The Thinking 

Commanded to Give

November 16, 2010


MIKE writes:

I enjoy your site, and follow it daily. However, I believe you and Mr. Auster are wrong in stating that “one should not give money to beggars, period.” I do not believe this statement can be reconciled with Christian Scripture, doctrine, or history. The Lord Himself commanded his followers to “give to everyone who begs from you.” (Luke 6:30.) He did not indicate that only “worthy” beggars should receive. Likewise, Scripture states that angels will come in disguise to test us. “Do not neglect to show hospitality to strangers, for by doing that some have entertained angels without knowing it.” (Hebrews, 13:2.) Christian history is filled with stories of saints who encountered angels in the form of beggars sent to test them. Who is to say that the beggar you next meet will not be standing with God before you on the Day of Judgment?

In many if not most cases, beggars will indeed use the money received on alcohol or drugs. Even if this were true it would not allow a Christian to refuse based upon the Lord’s Commandment. See also Proverbs 31:6-7. (“Give strong drink to one who is perishing, and wine to those in bitter distress; let them drink and forget their poverty, and remember their misery no more.”) Also, I am reminded of a story about C.S. Lewis, who was out one night walking with a friend. He gave money to a beggar, and his friend chastised him, saying that the beggar would simply waste the money on beer. Lewis thought for a second, and replied that he would probably have wasted the money on beer himself.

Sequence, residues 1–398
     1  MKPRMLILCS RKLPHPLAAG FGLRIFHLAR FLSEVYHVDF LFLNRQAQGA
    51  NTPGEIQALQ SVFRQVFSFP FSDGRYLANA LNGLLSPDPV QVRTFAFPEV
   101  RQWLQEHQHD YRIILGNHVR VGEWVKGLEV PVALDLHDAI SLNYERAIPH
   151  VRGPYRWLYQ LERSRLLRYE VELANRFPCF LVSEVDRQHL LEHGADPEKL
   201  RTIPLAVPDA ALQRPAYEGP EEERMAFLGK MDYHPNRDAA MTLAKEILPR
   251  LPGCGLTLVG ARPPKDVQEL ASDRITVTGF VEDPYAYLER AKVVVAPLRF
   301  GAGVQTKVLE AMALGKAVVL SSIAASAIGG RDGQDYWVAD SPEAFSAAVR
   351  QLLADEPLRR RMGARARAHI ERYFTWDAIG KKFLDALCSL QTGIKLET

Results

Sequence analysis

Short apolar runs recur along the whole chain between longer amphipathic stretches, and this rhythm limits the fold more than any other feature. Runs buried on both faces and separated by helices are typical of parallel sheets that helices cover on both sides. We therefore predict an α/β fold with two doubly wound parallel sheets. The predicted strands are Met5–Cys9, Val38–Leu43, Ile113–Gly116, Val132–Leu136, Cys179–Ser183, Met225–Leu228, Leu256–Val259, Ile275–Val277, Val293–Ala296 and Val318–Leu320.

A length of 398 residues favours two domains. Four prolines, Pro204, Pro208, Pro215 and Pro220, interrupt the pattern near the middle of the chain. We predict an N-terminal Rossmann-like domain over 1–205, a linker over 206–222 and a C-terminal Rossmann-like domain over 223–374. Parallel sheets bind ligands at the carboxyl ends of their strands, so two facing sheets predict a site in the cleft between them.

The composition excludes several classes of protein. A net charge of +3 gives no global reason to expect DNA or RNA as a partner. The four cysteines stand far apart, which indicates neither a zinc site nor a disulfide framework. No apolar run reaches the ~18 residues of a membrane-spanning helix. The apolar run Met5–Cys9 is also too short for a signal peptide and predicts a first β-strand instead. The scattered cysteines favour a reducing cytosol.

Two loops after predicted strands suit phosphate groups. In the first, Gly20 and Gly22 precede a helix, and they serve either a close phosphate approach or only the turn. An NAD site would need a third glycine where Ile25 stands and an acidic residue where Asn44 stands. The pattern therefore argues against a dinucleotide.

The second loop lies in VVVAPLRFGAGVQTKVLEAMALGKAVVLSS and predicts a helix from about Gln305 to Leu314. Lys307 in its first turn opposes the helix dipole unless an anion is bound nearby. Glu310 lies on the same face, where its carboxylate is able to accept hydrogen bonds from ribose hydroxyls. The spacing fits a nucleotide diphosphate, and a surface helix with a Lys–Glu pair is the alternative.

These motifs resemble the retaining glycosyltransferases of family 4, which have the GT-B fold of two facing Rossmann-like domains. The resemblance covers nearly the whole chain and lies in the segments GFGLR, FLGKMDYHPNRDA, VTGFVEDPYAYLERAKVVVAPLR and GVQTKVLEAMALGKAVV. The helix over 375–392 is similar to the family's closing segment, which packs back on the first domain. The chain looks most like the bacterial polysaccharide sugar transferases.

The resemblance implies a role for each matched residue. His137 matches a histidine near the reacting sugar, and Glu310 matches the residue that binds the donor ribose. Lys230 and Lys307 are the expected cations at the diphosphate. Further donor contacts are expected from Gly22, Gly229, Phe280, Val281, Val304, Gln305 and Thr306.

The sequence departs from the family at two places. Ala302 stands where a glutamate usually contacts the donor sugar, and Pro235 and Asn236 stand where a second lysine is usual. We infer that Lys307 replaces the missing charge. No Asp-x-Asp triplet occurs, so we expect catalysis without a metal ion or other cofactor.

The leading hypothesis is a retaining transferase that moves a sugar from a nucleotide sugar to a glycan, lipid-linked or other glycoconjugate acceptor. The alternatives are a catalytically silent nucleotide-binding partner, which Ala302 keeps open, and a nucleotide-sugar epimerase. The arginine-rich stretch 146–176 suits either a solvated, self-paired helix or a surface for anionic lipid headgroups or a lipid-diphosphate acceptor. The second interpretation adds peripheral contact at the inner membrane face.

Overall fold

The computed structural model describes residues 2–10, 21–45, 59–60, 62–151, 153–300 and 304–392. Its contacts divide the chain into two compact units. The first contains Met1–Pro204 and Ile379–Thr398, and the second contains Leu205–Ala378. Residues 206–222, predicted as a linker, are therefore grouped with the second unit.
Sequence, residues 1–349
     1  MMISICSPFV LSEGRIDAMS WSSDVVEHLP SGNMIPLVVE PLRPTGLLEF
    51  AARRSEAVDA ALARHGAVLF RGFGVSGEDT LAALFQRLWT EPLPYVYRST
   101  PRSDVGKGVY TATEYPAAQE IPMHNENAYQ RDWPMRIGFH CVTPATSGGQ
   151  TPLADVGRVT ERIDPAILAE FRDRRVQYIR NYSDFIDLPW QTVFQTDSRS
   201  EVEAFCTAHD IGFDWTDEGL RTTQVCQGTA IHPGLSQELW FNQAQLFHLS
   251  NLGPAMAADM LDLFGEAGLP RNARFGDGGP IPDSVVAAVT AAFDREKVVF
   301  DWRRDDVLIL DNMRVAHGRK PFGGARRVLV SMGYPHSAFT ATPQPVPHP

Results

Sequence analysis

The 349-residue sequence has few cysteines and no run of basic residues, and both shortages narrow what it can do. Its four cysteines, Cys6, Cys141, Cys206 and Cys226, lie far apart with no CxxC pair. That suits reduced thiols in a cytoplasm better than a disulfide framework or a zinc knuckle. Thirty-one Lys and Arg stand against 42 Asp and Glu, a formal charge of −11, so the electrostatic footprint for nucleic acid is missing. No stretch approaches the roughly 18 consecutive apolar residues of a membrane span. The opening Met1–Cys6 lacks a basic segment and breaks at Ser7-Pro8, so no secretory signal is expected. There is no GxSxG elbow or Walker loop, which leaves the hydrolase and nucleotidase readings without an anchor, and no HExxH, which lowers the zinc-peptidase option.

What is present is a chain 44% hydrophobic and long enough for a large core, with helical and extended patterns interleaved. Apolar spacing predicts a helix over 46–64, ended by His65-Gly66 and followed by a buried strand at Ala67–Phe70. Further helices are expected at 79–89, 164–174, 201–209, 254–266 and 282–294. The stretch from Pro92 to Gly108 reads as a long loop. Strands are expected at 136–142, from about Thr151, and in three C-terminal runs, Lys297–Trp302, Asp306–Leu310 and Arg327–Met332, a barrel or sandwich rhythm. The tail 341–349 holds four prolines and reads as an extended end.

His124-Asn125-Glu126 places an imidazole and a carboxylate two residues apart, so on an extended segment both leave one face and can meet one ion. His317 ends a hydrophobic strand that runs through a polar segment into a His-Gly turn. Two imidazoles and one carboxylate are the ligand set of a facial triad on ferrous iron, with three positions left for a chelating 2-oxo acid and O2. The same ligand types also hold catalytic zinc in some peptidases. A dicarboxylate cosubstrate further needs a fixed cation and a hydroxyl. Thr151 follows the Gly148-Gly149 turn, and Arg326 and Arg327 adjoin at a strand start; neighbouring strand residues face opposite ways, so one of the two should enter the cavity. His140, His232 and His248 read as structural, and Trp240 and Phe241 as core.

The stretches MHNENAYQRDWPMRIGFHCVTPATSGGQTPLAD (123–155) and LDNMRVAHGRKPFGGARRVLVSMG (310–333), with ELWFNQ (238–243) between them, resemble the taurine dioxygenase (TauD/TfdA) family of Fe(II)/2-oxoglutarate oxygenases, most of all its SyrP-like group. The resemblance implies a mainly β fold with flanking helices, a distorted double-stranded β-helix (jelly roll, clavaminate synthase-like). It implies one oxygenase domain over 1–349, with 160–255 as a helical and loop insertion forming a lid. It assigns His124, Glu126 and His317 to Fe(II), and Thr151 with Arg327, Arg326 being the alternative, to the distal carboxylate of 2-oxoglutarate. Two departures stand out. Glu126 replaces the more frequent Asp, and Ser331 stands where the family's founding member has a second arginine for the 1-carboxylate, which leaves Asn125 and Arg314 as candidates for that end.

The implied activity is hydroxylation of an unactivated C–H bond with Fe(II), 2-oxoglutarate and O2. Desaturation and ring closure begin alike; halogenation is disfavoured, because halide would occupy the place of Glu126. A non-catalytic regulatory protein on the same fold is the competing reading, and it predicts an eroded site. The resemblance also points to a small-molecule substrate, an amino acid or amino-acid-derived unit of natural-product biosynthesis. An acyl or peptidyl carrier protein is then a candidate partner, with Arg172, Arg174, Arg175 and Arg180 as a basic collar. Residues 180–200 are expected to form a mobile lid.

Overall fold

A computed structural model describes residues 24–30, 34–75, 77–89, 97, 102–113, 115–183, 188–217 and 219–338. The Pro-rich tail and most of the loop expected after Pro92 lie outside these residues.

Will giving to beggars hurt the beggar and make things worse? Maybe. It may also relieve suffering. It is not up to us to decide who is worthy of mercy; that task belongs to God alone. In order to follow Christ, one must give to everyone who asks, regardless of the circumstances or worthiness of the recipient.

Laura writes:

What you say fails to take into account the reality of aggressive begging. The beggar is also a human being. We are not required to accept everything he does.

You say, “It is not up to us to decide who is worthy of mercy, that task belongs to God alone.” But this is a simplistic statement. Obviously we have only so much money to give away. By giving to one person we are deciding to not give to someone else. So every act of charity in some way involves a judgment. If one walks through a big city and gives $5 to ten beggars that is $50 less one can give elsewhere, maybe to a home for the elderly and destitute poor. Or perhaps you are suggesting we give token payments to beggars, perhaps a penny each. What is that but a gesture of vanity?

It’s true that no person gets rich off of begging. No one chooses that life because it is good, except perhaps the bands of gypsies that have turned it into a business. And it is true that we should not ignore the beggar. But is he only owed material gifts? Couldn’t we pray for him?

It’s a difficult question. I remember once going into a store and buying a muffin for a beggar. She angrily berated me. That in itself, however, is not a reason for not giving as the point of charity is not to receive gratitude.